“Don’t solve problems you don’t have.”
When it comes to tech implementations, truer words have never been spoken.
Today was the Salesforce World Tour, an annual expo-ish event hosted in several cities by the CRM powerhouse. There are product demos, keynote speakers, and mini-sessions all designed to leave attendees feeling curious and excited about what’s possible.
For current clients, it’s a chance to network & explore the different “clouds”. For those on the fence, it’s an accurate – if not dizzying – intro to the community you’re about to join. Plus, it’s free!
Unsurprisingly, this event moves FAST. Yet through the chaos, one session almost seemed to stop time: a talk on 5 Tips for Awesome Salesforce Implementations. Title aside, these lessons apply to any type of technical implementation. And “don’t solve problems you don’t have” was one of many aha-moments for the crowd during the 20 minutes.
Now onto the rest of them.
#1. Data is a first impression.
Our speaker (sorry gang, thought I could commit his name to memory) spoke on the importance of data in setting the first impression for end users. Since data accuracy can “make or break” confidence in a new system, we really need to take time and ensure that data is trustworthy, consistent, and getting to the right people when they need it.
#2. “Perfection can be the enemy of done”.
This tip was actually called “Socks, Then Shoes”, but same diff! The idea here is that as implementation managers, when we care too much about getting things right, we run the risk of being preoccupied with just that. This comes at the expense of progress, especially when we go down the rabbit hole of building solutions to problems we don’t even have yet!
Focus on problems that are clearly defined, and trust that you can always innovate along the way.
#3. Leadership alignment is key.
All the experts agree…leaders need to reap value from the tool and be engaged throughout the entire implementation process. That means everything from ideation to roll-out, to adoption. (The day my ED enters data into Salesforce is the day I sprout wings, because at that point I will have become a literal nonprofit unicorn.)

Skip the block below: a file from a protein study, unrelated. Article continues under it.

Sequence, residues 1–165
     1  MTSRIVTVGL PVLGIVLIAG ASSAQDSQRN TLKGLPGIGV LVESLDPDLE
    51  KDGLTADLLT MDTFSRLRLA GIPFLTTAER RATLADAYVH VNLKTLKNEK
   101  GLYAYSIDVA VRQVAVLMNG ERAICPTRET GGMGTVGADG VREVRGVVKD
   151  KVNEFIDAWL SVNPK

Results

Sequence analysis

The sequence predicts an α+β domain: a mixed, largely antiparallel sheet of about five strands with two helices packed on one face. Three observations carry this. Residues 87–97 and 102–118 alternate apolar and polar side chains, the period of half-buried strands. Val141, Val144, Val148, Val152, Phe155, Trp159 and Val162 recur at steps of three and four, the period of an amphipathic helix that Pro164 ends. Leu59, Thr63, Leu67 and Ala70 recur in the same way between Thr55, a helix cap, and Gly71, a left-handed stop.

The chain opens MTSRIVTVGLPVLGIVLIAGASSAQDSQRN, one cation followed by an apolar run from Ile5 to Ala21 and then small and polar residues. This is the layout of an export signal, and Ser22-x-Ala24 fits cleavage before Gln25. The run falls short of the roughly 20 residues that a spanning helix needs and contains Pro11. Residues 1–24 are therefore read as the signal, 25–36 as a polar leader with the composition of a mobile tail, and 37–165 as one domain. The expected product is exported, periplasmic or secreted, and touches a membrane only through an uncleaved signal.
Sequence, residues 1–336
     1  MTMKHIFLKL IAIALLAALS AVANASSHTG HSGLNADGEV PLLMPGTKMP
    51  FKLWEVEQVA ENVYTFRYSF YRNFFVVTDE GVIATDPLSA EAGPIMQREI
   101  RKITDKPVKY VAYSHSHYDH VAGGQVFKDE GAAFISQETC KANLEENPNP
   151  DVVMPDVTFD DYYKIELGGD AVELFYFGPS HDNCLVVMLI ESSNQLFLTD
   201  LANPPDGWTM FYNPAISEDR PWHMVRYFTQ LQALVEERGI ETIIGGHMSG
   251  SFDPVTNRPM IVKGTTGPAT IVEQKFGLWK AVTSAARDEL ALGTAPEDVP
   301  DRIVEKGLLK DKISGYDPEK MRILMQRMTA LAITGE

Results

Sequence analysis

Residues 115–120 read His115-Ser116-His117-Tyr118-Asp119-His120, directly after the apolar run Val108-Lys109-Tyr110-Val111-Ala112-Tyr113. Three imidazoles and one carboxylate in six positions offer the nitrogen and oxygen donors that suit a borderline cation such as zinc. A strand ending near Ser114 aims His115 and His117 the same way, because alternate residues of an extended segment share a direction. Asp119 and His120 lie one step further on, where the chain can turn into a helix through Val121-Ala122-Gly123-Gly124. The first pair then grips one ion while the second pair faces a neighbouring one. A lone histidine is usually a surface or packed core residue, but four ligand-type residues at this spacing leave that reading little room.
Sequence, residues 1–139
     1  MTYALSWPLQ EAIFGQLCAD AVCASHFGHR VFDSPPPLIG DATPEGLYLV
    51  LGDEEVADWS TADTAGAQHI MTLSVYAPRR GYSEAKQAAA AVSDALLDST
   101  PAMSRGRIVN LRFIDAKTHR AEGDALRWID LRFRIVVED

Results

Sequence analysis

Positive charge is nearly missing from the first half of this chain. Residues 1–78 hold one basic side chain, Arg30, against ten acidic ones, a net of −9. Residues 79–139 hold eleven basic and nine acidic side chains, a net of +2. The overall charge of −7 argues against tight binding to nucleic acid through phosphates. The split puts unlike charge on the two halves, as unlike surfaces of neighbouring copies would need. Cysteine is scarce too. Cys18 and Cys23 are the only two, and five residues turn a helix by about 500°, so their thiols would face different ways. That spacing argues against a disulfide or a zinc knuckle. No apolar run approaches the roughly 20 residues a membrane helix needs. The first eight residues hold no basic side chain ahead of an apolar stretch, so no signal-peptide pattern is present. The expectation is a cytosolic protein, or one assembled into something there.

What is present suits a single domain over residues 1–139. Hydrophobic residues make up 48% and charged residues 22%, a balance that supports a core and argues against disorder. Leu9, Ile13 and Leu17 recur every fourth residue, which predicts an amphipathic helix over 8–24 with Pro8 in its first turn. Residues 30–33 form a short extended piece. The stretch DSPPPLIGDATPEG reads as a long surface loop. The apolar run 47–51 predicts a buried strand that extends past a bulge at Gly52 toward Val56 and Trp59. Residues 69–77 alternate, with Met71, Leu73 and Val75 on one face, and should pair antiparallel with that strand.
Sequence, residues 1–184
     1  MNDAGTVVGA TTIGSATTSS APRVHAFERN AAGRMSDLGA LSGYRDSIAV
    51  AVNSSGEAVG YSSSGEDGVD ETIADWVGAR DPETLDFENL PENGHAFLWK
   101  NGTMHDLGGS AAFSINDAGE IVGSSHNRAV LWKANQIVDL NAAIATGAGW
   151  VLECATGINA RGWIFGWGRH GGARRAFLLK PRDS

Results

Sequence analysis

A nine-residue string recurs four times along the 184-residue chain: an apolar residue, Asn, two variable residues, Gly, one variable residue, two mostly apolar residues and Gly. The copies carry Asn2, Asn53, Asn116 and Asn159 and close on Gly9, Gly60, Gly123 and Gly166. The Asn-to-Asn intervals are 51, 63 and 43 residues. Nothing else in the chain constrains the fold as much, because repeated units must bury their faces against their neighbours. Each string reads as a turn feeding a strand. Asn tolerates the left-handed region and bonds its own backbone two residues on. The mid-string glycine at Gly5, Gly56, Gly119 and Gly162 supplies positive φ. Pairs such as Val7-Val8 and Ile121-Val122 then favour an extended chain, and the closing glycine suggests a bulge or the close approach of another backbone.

*Tip*: Our speaker cautioned against the “cold hand-off”, where leaders engage in initial conversations before gradually falling off. In a sector where time is of the essence and stuff needs to get done, I bet most of us know the feeling.
#4. Be ready for change.
Implementing new tech is such a task-oriented undertaking that we often don’t even think about methodology, or the importance of adaptability. A good implementation isn’t a blueprint with rigid requirements. It’s a roadmap that allows for mechanisms to collect feedback, incorporate it and deliver in a flexible manner.
#5. Build customer-centric (or constituent-centric) partnerships.
I love the idea of working around a “consensus vision” that prioritizes the constituents who are most important to our work. As our speaker mentioned, we need to get on the same page with our teams so that we can launch more frequently, measure the impact, and iterate as needed.
Thank you Salesforce, for the free umbrella and the much needed reminders on how to implement at our orgs and do it right!
*Tip*: If the World Tour has you curious, check out the hashtag #salesforcetour on Twitter to see what others have to say.